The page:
This was a very engaging and energetic production, bringing new life to a play that for many has been done to death from high school on. Strangely enough, while the "Occupy" theme of the play seemed remote, almost more like something from the early 1970's than the early 2010's, the positioning of Lady Capulet as an ambitious politician, particularly one in conflict with a movement composed of idealistic youths, opened the possibility of another interpretation. The story was basically one step away from being in the here and now, portraying a conflict between the "establishment" supporters of Hillary Clinton and the "progressive" supporters of Bernie Sanders.
One missed opportunity was the complexity of the character of Mercutio. Mercutio was, as usual, portrayed as the closest friend of Romeo. Yet Mercutio is neither Montague nor Capulet; he is instead a relative of the Prince, and as such can move relatively freely among both sides of the conflict. He can also defy the Prince's orders with some degree of impunity. In the context of this production, Mercutio, excellently and playfully played here, is solidly with the protesters. But his (in this case, her) connection to the Prince in the original would translate into a connection to the riot-geared police in this version - an interesting complication that was not touched upon.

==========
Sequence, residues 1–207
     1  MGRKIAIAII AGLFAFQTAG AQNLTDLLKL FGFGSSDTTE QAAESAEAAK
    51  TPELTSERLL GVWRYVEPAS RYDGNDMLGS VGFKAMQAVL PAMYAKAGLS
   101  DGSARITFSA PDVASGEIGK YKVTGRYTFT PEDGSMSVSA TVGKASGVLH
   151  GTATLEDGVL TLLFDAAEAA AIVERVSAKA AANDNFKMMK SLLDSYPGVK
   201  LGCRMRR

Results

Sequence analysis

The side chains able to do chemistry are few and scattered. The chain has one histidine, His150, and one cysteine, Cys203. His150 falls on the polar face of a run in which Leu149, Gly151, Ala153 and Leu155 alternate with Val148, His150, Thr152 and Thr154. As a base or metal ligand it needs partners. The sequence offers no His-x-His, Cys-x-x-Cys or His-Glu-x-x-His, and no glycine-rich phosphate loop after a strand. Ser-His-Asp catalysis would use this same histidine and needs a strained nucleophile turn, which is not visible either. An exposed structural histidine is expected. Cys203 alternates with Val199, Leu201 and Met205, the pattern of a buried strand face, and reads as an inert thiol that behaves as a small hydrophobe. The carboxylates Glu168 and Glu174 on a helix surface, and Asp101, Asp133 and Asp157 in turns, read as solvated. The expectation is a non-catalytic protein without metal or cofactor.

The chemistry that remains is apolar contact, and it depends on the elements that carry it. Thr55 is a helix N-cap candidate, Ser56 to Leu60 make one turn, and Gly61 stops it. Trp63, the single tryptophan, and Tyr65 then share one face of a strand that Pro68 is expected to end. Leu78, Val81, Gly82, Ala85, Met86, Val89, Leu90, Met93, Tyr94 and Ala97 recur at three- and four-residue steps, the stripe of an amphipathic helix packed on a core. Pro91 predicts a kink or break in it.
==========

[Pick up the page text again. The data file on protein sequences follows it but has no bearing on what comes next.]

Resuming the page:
Perhaps the "Occupy" theme was carried a bit too far. There were no programs or playbills provided with cast lists or production notes - nor, as far as I can tell, is this information available at any official site. Instead, audience members were provided with double-sided hand-drawn photocopied sheets, with instructions given by a member of the cast on how to fold them into a matchbook-sized booklet. Unfortunately, this booklet contains very little useful information, and is pretty much just a souvenir of the play. (I was able to glean a partial cast list from several newspaper reviews published online.)